Tories to cut A-level pass rate to boost confidence in exams system

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The Independent Online

The restoration of confidence is one of the top priorities for the Conservatives' new commission on public services and that, according to Baroness Perry, the former chief inspector of schools, can only be achieved with a much tougher attitude towards marking on behalf of the examination boards. "It's really rather sad," she said. "At my former university, Cambridge, two or three faculties are setting their own tests again because they have lost confidence in A-levels. You get a C in A-level maths with just 18 per cent of the marks. You have to bear down on the examination boards."

Such a move would make it harder to obtain an A grade andthat could mean the incoming government presiding over the first fall in top grade passes in more than 20 years. The commission, though, is charged with making sure the exams system has the confidence of parents, pupils, employers and universities. At present, she argues, it does not.

That is just one priority of the commission - which covers health, social services and social housing as well as education - she co-chairs with the Conservative MP Stephen Dorrell.

It is also looking at growth areas in public services. Traditionally, Conservative governments are associated with spending cuts. Baroness Perry acknowledges the subject "might surprise some people".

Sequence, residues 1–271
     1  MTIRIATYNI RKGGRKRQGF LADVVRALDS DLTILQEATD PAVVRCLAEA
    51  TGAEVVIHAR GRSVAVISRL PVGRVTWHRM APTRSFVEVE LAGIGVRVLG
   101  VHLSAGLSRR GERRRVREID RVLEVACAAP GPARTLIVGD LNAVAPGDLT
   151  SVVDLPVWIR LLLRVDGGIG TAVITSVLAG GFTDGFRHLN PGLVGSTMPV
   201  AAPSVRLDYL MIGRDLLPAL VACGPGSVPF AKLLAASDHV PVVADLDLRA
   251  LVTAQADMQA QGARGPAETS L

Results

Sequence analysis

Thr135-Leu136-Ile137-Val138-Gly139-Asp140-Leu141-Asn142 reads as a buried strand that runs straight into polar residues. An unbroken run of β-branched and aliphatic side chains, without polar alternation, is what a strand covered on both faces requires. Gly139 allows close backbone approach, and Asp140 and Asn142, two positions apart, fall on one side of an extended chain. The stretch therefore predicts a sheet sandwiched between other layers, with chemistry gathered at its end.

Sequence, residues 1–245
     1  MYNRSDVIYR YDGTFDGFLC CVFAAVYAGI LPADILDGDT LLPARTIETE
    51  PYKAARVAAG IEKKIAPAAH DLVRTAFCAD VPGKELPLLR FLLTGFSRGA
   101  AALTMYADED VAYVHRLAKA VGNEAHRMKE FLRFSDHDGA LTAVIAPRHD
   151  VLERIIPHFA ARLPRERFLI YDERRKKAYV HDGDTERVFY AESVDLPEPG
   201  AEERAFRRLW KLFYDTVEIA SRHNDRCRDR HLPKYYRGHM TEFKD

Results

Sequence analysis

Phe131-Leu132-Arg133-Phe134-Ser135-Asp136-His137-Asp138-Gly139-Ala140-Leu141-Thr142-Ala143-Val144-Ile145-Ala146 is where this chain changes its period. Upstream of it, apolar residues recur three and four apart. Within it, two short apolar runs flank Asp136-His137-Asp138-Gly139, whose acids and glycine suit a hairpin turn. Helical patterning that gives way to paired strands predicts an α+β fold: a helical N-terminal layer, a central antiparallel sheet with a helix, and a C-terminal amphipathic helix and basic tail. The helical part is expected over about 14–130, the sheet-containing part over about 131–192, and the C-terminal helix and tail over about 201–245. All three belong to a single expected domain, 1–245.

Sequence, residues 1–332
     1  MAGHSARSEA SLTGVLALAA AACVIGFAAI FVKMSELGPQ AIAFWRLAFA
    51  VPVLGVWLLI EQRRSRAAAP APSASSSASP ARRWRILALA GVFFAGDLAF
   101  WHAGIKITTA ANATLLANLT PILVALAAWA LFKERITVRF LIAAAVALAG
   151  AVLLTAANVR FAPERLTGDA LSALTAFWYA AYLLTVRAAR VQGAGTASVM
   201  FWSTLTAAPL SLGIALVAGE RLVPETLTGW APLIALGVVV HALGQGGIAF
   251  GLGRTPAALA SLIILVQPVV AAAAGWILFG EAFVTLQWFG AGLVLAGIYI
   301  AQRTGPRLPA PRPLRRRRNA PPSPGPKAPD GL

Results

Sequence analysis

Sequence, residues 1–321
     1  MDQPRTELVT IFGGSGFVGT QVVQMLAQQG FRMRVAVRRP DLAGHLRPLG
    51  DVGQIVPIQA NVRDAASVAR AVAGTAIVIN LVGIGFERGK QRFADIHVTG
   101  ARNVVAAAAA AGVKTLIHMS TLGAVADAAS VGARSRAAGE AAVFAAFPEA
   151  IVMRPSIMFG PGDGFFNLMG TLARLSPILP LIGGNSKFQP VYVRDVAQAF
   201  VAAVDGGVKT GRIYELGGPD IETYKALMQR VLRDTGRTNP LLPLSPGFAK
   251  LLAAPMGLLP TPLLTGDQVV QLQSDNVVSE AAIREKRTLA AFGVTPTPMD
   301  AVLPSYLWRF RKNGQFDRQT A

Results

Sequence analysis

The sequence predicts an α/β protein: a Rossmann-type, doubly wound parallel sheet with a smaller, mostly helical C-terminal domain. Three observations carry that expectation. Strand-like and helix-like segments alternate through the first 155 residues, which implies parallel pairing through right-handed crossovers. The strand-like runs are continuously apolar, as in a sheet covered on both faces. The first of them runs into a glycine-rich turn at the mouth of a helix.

"No government in the past century has presided over anything but more money going into the public services," she said. "When I was chief inspector, Margaret Thatcher was in power and it is true that, in both the Thatcher years and the Major years, public spending went up in just the same way as it did before. There has been a reduction in expansion which has been interpreted as cuts in spending - but that's not the same thing."

One of the growth areas the commission is looking at is "equity of access" to schools - that parents from underprivileged backgrounds have just as good a chance of getting their children into the better performing schools as those from well-off homes.

The present education legislation does not go far enough, she says. Schools will retain the concept of catchment areas with local authorities having a vital say in admissions policies.

Under the Conservatives, the extra money will be spent on ensuring that all families can choose to send their children further afield to school - although exactly how this will work has not been decided.

The commission still has 18 months to run before it comes up with its final conclusions. It will be publishing policy options in the summer with a series of conferences in the autumn.

Sir Mike Tomlinson, a former chief inspector of schools, has been drafted in. He chaired a government inquiry into the examination system under Labour whose recommendation that the current GCSE and A-level system be replaced with a diploma covering vocational and academic qualifications was overruled by ministers.

Baroness Perry is adamant that restoring the morale of teachers will be at the heart of any recommendations that the commission makes. "This must be an essential key to improving public services," she said. "They are hidebound with bureaucracy, externally set targets and public naming and shaming. We need to look to ways of allowing teachers to become creative again." She said that was likely to mean schools being encouraged to devise strategies for improving standards.

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